Chief Olusegun Obasanjo, former President of the Federal Republic of Nigeria has suggested that Africa needs to nurture a new crop of leadership with expertise and knowledge to achieve the desired development for the Continent.
He said African leadership, both political and functional, needs some orientation, experience, education and exposure, with a new style and skills that would adequately understand the Continent’s economic and political situation and overcome the challenges.
“Once someone assumes political leadership, he thinks poverty will never come to his or her family so they acquire wealth, amass properties at the expense of the poor…African leaders must do away with corruption and abuse of power”, he said.
Chief Obasanjo was speaking at the maiden edition of the Africa Leaders Lecture series at Dugu campus of the University for Development Studies (UDS) on Tuesday, as part of his three-day lecture on the theme; “Leadership in Africa from pre-colonial to contemporary times”.
The lecture, which attracted varied group of people from diverse backgrounds, including academicians, politicians and some group of Nigerians in Ghana would end on Thursday, where Chief Obasanjo would be honoured with a doctorate degree (Phd) by the UDS.
Chief Obasanjo said political leaders in Africa needed some knowledge in all areas, including economics and social issues to make an informed decision for the people, adding that, functional leaders, otherwise known as technocrats in the civil services must also serve good leadership roles for the Continent.
He advised leaders in Africa to adopt varied style of leadership skills depending on the circumstances saying, “Leadership calls for power and power calls for cooperation”.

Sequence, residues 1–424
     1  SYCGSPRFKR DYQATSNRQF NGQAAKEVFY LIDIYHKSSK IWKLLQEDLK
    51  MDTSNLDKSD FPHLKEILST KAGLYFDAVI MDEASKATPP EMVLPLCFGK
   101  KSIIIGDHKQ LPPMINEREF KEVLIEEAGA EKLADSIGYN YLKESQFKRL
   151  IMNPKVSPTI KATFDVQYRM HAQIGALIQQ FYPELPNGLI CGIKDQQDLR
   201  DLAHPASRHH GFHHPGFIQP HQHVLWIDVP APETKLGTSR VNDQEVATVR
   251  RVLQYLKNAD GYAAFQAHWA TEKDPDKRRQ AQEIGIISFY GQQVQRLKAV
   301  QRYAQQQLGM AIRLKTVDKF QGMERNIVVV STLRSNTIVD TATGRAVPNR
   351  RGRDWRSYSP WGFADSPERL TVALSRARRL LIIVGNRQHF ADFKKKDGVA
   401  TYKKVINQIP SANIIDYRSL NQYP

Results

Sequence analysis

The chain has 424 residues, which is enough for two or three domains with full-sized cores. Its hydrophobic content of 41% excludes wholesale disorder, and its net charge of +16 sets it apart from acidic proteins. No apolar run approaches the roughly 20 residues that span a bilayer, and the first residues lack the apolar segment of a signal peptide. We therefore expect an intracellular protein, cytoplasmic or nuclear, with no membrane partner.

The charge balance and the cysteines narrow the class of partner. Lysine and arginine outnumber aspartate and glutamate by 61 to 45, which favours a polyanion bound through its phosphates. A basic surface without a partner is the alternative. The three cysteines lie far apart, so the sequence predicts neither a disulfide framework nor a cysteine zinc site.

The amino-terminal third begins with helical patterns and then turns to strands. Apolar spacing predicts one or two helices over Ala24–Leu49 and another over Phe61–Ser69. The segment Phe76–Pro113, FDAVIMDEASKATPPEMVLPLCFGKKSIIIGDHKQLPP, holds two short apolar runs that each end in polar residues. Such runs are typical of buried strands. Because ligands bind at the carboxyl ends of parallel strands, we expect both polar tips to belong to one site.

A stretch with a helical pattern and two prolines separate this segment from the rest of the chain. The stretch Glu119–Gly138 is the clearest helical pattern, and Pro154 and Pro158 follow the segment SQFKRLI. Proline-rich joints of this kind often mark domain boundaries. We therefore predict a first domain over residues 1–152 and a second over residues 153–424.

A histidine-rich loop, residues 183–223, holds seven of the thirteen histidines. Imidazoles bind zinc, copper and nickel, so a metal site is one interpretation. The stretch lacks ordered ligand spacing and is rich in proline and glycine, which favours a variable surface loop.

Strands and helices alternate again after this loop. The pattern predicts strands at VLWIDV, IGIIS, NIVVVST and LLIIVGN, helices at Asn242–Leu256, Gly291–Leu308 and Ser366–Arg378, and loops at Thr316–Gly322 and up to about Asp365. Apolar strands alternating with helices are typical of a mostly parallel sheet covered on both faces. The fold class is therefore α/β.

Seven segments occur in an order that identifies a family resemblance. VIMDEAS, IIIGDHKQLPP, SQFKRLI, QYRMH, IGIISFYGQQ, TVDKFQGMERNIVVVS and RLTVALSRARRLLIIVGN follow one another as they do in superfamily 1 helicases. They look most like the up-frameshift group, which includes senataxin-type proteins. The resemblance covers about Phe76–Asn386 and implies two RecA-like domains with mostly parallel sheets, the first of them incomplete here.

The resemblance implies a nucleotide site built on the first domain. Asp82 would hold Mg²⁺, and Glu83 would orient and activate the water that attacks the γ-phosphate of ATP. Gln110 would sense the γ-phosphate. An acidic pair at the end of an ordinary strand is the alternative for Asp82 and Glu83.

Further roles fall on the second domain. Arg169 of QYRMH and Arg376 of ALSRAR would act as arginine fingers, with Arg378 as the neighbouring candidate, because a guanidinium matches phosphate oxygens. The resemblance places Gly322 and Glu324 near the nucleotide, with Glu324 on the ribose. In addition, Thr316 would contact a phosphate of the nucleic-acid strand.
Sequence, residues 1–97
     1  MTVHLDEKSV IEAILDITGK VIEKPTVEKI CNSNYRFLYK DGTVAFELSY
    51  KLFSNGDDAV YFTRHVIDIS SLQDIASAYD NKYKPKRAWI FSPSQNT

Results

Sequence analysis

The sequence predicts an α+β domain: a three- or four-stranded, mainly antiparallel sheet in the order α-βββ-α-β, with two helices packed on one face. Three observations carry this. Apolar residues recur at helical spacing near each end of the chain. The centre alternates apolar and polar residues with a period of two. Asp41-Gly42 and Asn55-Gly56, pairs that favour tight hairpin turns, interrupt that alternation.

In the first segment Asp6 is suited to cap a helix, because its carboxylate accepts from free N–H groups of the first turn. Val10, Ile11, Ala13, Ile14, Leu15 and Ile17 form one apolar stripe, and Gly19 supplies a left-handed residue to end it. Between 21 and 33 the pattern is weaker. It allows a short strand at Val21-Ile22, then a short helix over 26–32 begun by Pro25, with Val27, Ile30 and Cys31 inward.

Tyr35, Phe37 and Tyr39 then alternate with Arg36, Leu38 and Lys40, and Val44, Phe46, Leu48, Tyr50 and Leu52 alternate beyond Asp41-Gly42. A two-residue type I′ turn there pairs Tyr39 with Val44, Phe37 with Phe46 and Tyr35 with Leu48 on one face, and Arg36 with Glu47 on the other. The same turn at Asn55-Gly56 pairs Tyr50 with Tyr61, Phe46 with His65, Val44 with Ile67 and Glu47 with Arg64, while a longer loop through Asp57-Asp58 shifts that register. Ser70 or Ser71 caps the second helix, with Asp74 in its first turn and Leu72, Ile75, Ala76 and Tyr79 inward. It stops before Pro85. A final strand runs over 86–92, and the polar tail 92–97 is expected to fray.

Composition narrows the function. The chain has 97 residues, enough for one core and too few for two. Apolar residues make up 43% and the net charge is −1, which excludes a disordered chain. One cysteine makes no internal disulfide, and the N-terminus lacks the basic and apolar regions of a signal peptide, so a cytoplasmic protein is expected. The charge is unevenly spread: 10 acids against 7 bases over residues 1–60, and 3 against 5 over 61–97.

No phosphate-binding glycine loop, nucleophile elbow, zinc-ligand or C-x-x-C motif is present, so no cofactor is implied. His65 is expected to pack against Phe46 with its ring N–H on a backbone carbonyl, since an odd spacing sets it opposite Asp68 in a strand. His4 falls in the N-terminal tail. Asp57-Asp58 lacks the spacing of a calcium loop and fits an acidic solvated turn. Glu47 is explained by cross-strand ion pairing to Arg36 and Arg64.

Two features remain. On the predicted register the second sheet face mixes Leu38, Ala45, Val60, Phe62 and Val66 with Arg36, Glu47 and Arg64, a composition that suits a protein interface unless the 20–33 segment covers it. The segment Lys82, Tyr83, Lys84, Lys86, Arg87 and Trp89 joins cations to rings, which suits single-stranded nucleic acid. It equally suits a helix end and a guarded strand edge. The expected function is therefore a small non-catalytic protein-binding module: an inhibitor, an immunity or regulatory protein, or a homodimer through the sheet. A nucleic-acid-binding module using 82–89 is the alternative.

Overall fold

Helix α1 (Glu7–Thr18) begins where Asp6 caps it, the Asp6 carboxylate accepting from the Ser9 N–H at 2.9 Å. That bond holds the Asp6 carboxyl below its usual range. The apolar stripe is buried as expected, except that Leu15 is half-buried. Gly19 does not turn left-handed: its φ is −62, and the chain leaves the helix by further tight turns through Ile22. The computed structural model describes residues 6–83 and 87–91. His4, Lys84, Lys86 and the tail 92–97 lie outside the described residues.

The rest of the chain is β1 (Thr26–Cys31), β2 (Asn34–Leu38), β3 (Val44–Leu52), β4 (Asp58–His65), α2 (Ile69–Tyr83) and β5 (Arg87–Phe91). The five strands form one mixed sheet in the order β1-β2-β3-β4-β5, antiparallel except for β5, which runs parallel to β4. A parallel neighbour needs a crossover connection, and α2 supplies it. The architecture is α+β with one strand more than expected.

He said leadership remains fundamental to the continent’s problems stressing that a leader is the one who has the capacity to identify problems and initiate change.
Dr Abdulai Baba Salifu, Chairman of the UDS Governing Council, commended the Vice Chancellor of the UDS for initiating the Africa Leadership lecture series, which he said, was going to be an annual affair.
He said many theorists had suggested solutions to the problems of Africa but it was only African leaders themselves who could find better solutions.
He condemned the conflicts on the Continent and described them as “needless conflicts.”
Prof. Haruna Yakubu, Vice Chancellor of the UDS said the lecture formed part of the 20th anniversary of the university, which was launched in June 2012, noting that issues of social, political and economic ramification of the continent would be addressed in the lecture, universally and narrowed to Ghana.
The VC commended the High Commissioner of Nigeria to Ghana Mr. Ademola Onafowokan for pledging 10,000 dollars for the best graduating student of the Faculty of Integrated Development Studies and the best student of the Faculty of Agriculture, both of UDS.
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